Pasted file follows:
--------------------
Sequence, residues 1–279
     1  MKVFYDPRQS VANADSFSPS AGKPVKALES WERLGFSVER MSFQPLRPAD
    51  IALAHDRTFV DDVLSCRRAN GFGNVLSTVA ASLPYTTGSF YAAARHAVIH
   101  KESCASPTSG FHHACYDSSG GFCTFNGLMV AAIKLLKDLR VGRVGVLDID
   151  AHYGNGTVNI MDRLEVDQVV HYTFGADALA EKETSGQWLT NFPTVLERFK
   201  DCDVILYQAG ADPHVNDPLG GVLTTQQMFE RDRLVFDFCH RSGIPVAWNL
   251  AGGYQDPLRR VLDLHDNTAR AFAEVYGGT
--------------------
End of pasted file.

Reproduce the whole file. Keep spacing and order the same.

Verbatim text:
Sequence, residues 1–279
     1  MKVFYDPRQS VANADSFSPS AGKPVKALES WERLGFSVER MSFQPLRPAD
    51  IALAHDRTFV DDVLSCRRAN GFGNVLSTVA ASLPYTTGSF YAAARHAVIH
   101  KESCASPTSG FHHACYDSSG GFCTFNGLMV AAIKLLKDLR VGRVGVLDID
   151  AHYGNGTVNI MDRLEVDQVV HYTFGADALA EKETSGQWLT NFPTVLERFK
   201  DCDVILYQAG ADPHVNDPLG GVLTTQQMFE RDRLVFDFCH RSGIPVAWNL
   251  AGGYQDPLRR VLDLHDNTAR AFAEVYGGT